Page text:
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 Nur Aisha Abd. Wahab
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 The Star Online
 Brexit heads for delay as May tries to scare up support for deal

The Star Online (15/03/2019) - LONDON: The UK is on course to delay Brexit and open the door to a radical re-write of the terms of its divorce from the European Union after recoiling from an economically disastrous no-deal split.

The pound climbed to its highest level since June after Parliament on Wednesday evening rejected leaving the EU after 46 years without an agreement in place to keep trade flowing. Legislators will now vote on a postponement to the current March 29 deadline.

With the country in limbo and politicians deadlocked, Wednesday was another chaotic day in London that clarified what most parliamentarians don’t want but has done nothing to suggest what kind of Brexit a majority might support.

It leaves Prime Minister Theresa May still fighting for her Brexit deal, with a third attempt to get it through Parliament likely next week. That’s even after she suffered a major rebellion from her Conservative Party that included members of her own cabinet, lost two big votes, saw a minister resign, and ended up warning that Brexit could be delayed for many months.

Struggling to keep her voice because of an illness, May pulled out of the debate. When she did speak - after the House of Commons eventually voted 321 to 278 to reject leaving the EU with no deal - she wasn’t happy: “The House needs to face up to the consequences of the decisions it has taken.”

It is almost three years since Britain voted to cancel its membership of the EU and with a little over two weeks to go until exit day, May has failed to get an agreement that can get through Parliament.

The prime minister’s preferred deal, which took two years to negotiate, was resoundingly rejected by the Commons for the second time in a vote on Tuesday night. Now, members have decided to avoid leaving the bloc without a deal.

The question is, what kind of plan will Parliament vote for, and how much longer do Britain’s politicians need to make up their minds?

“The legal default in UK and EU law remains that the UK will leave the EU without a deal unless something else is agreed,” May told the Commons after the vote on Wednesday. “The onus is now on every one of us in this House to find out what that is.”

May said if a deal could be agreed to in the next seven days, she would ask the EU for a short “technical” extension. If there’s no deal by March 20 - the eve of the next summit of European leaders - the delay would be much longer, she said.

That will mean the UK taking part in European Parliament elections in May, something the prime minister said would not be “right.”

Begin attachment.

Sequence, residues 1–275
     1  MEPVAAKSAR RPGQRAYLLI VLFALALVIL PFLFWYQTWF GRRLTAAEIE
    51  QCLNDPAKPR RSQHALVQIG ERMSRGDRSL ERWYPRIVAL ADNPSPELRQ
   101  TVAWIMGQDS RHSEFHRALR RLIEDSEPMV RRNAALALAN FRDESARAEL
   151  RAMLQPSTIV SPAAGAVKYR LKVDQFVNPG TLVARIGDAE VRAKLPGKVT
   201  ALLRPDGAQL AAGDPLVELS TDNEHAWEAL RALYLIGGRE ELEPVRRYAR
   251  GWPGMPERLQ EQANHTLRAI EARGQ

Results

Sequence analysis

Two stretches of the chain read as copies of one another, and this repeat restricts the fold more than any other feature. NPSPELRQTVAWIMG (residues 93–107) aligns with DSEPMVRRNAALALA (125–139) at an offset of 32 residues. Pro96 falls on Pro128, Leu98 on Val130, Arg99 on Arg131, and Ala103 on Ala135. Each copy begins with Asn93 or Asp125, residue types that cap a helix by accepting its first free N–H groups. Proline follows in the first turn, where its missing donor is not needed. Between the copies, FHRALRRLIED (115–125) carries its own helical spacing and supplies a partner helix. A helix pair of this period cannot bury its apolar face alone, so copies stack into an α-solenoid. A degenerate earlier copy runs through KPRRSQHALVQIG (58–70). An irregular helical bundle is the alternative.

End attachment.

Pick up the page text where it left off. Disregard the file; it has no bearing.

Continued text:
May’s warning of a long postponement - which is included in the wording of the motion for debate yesterday - is a tactic aimed at persuading pro-Brexit Conservatives and their allies in Northern Ireland’s Democratic Unionist Party to back a deal before it’s too late.

A long delay would potentially clear a path for a second referendum, which could overturn the result of the first.

“The effort to turn a necessary and sensible extension to the Brexit deadline into a bogeyman that will scare MPs back into line is both irresponsible and unedifying,” said Guto Bebb, a Tory who quit as a minster over May’s Brexit policy. The tactic should be treated with “contempt,” said Bebb, who backs a re-run of the public vote.

The DUP is in talks with attorney-general Geoffrey Cox, who’s aiming to allay their concerns about the Irish border backstop, according to a person familiar with the matter.

But after Wednesday’s votes, May will struggle to persuade Conservative euro-skeptics to do what she tells them to. Four pro-EU cabinet ministers - David Gauke, Amber Rudd, Greg Clark and David Mundell - all defied the premier’s orders and abstained instead of voting against a rebel motion designed to rule out a no-deal Brexit more firmly than her own proposal. They were joined by a bevy of junior ministers.

May lost the battle, after 43 Conservative members of Parliament either voted against her or abstained in the crucial vote at the end of the night. May’s office suggested ministers who abstained wouldn’t be forced to quit, another sign that the premier’s ability to command her own party is growing weaker by the day.

Earlier on, Chancellor of the Exchequer Philip Hammond also appeared to stray from the government line by saying yesterday’s vote represented an “opportunity” to start building a cross-party consensus on the way forward.

Steve Baker, a leading pro-Brexit Conservative, insisted his colleagues will not give in to May’s tactics and would never support her proposed agreement. “The deal is so rotten we were right to vote it down, and come what may we will continue to do so,” Baker said. — Bloomberg